As social creatures, we suffer when cut off from one another
By Emily Gurnon for Next Avenue
You may have heard that loneliness is hazardous to your health — and can even lead to an early death. Now, an analysis of 23 scientific studies gives us numbers that reveal just how sick it can really make you.
People with “poor social relationships” had a 29 percent higher risk of newly diagnosed heart disease and a 32 percent higher risk of stroke, according to the study, published July 1 in the British journal Heart.
That puts loneliness and social isolation on par with other known risk factors for cardiovascular disease, such as anxiety and job strain, the researchers said. And it exceeds the risk posed by physical inactivity and obesity, said lead researcher Nicole Valtorta, of the Department of Health Sciences, University of York, England.
Given the results of the study, Valtorta said, “interventions to prevent coronary heart disease and stroke should take loneliness and social isolation into consideration.”
Such interventions could be relatively inexpensive, she added, especially given the fact that cardiovascular disease remains the most costly disease in the United States. It accounted for direct medical costs totaling $193 billion, according to a 2015 study from GoBankingRates.com.
There’s a difference
Loneliness and social isolation do not necessarily go hand in hand. You can be lonely in a crowd, or you can be by yourself and feel perfectly content. But when your experience is negative — you are not happy with the quality of your social interactions, or you’re grieving a loss — that “can be really disastrous for well-being,” Valtorta said.
Unlike other studies, Valtorta’s (which was published online in April) was the first to focus on whether people experiencing loneliness and isolation were at greater risk of developing cardiovascular disease. It excluded people who were lonely but already had the disease.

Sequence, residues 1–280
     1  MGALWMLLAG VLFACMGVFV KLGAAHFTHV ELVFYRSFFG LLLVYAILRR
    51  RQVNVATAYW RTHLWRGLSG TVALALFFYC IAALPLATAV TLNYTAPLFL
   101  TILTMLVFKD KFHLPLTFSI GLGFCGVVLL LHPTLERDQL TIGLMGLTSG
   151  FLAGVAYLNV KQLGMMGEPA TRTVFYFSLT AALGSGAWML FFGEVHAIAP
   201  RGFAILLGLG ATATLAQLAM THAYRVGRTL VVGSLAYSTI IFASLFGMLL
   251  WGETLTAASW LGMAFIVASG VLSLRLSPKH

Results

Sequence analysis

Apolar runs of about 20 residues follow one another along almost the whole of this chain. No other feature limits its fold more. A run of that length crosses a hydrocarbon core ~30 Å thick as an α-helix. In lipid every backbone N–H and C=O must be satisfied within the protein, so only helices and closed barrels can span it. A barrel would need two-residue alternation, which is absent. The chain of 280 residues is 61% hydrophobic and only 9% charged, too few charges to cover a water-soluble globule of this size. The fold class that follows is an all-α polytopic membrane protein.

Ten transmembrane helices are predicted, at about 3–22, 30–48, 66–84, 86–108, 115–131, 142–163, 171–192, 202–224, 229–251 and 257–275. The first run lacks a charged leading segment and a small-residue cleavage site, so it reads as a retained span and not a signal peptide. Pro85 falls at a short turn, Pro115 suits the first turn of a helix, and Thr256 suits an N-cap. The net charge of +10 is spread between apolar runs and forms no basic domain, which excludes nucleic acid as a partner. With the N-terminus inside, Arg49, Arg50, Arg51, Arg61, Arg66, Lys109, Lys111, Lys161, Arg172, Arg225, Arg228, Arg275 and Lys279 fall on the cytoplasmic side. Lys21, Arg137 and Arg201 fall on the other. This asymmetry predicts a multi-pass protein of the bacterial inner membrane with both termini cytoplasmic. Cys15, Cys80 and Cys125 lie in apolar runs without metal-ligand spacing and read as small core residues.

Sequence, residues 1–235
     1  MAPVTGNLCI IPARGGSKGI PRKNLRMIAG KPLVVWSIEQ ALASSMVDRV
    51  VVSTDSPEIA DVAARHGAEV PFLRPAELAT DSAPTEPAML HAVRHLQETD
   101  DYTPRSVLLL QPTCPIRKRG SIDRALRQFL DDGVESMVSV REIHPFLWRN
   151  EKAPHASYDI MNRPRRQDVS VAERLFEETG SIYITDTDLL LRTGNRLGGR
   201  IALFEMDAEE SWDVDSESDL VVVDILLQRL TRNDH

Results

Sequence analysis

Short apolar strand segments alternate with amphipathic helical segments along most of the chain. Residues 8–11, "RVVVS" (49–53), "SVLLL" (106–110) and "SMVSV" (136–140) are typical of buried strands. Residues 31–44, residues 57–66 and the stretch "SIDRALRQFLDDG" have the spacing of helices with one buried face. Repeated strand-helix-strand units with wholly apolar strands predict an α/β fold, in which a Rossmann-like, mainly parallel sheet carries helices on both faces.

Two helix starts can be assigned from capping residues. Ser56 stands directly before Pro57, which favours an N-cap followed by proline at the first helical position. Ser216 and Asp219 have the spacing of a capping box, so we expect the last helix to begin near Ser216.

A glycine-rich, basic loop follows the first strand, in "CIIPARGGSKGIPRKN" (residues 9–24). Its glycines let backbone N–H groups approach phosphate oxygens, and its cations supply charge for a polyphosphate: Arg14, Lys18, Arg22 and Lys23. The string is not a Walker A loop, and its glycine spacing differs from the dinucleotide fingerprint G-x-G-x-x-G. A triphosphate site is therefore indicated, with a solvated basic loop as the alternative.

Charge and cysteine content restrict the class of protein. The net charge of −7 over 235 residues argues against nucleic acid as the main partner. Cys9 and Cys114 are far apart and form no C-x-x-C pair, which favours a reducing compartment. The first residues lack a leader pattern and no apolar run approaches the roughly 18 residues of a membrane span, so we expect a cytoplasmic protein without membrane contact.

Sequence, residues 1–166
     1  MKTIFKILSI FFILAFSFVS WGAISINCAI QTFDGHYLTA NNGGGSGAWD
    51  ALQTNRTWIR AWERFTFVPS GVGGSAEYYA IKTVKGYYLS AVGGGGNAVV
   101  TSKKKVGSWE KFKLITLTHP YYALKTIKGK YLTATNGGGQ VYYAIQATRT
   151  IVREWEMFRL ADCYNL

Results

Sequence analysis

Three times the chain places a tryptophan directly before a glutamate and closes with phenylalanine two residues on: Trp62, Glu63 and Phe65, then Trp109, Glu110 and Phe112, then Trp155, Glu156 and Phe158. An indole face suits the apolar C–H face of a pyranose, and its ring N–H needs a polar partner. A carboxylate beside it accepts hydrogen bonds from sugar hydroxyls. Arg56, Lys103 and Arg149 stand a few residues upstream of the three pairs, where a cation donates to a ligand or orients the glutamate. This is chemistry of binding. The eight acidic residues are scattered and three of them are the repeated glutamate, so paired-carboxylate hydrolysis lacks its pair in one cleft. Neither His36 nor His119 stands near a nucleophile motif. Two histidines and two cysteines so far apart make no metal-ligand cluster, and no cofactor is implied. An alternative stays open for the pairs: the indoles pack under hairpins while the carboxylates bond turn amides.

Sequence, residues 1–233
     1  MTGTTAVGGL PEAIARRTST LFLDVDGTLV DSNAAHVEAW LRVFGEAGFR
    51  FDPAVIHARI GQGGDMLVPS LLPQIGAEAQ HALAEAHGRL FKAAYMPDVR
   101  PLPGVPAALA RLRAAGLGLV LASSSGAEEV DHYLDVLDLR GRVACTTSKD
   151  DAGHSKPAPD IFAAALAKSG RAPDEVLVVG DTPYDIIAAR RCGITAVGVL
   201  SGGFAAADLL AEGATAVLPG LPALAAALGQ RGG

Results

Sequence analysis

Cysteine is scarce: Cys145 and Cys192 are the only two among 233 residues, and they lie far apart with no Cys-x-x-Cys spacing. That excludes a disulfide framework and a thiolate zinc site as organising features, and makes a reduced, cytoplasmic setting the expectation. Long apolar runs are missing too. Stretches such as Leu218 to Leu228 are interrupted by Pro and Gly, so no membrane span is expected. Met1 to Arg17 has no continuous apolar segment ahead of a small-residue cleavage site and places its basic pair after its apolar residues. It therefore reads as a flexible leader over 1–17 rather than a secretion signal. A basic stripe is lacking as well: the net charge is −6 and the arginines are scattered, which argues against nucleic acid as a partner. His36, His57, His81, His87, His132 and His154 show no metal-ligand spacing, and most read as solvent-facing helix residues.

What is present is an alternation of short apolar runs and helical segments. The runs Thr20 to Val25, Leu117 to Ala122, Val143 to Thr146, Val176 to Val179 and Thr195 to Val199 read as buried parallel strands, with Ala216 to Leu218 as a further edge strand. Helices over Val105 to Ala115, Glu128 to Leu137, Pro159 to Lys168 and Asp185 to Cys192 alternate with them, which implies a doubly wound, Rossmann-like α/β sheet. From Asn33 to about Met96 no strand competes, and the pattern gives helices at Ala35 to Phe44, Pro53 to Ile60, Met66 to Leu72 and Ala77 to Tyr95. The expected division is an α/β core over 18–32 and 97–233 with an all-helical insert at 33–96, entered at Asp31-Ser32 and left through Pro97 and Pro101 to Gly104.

Studies involving 181,000 people living mainly in the U.S., Europe and Japan were examined as a part of the meta-analysis, and they were tracked for a range of time — between three and 21 years. Among those people, there were 4,628 heart attacks or related events and 3,002 strokes.
The age of the subjects varied, and it wasn’t possible given the data to conclude whether a 75-year-old lonely person was more likely to have a heart attack than a 50-year-old, Valtorta said. The researchers did not find evidence of a difference between men and women.
Other research on isolation and health
A separate 2015 meta-analysis by Brigham Young University researchers concluded that both actual and perceived isolation were associated with early death.
Social isolation corresponded with a 29 percent greater risk of premature death; loneliness corresponded with a 26 percent greater risk and living alone corresponded with a 32 percent greater likelihood, according to the study, published in Perspectives on Psychological Science. Social isolation and loneliness threatened longevity as much as obesity did, the study said.
Two of the Brigham Young researchers were also involved in a 2010 study that found loneliness is as bad for your health as smoking 15 cigarettes a day. The problem is only getting worse, the scientists said.
“Humans are naturally social. Yet, the modern way of life in industrialized countries is greatly reducing the quantity and quality of social relationships … over the past two decades there has been a three-fold increase in the number of Americans who say they have no close confidants,” the study said.
All of the studies reinforce the growing recognition of loneliness as a public health issue.
A nonprofit coalition in Britain has responded by initiating the Campaign to End Loneliness, which among other things aims to broaden the services and activities available to those who may be lonely.
What we should be doing
Brigham Young researcher Julianne Holt-Lunstad told Time magazine that nurturing close relationships as well as a “diverse set of social connections” is key. She said that policies to alleviate loneliness may be difficult to imagine but could include encouraging doctors to identify at-risk patients and rethink the way neighborhoods are designed, the magazine said.
“People’s response is oftentimes to say, ‘What are you going to do, tell everybody to give someone a hug?’” Time quoted Holt-Lunstad as saying. “But there are many potential ways in which this could be implemented.”